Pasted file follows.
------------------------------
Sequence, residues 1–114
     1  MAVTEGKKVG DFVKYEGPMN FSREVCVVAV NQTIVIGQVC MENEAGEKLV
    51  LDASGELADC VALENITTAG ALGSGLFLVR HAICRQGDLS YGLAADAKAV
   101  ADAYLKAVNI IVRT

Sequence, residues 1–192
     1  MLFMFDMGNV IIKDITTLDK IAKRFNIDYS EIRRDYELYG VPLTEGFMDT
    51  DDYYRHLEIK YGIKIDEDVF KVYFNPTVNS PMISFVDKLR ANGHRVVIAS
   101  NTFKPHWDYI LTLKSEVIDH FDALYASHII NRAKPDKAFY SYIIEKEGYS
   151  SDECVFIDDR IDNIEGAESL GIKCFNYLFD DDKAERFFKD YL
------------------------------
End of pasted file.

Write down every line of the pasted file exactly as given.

Sequence, residues 1–114
     1  MAVTEGKKVG DFVKYEGPMN FSREVCVVAV NQTIVIGQVC MENEAGEKLV
    51  LDASGELADC VALENITTAG ALGSGLFLVR HAICRQGDLS YGLAADAKAV
   101  ADAYLKAVNI IVRT

Sequence, residues 1–192
     1  MLFMFDMGNV IIKDITTLDK IAKRFNIDYS EIRRDYELYG VPLTEGFMDT
    51  DDYYRHLEIK YGIKIDEDVF KVYFNPTVNS PMISFVDKLR ANGHRVVIAS
   101  NTFKPHWDYI LTLKSEVIDH FDALYASHII NRAKPDKAFY SYIIEKEGYS
   151  SDECVFIDDR IDNIEGAESL GIKCFNYLFD DDKAERFFKD YL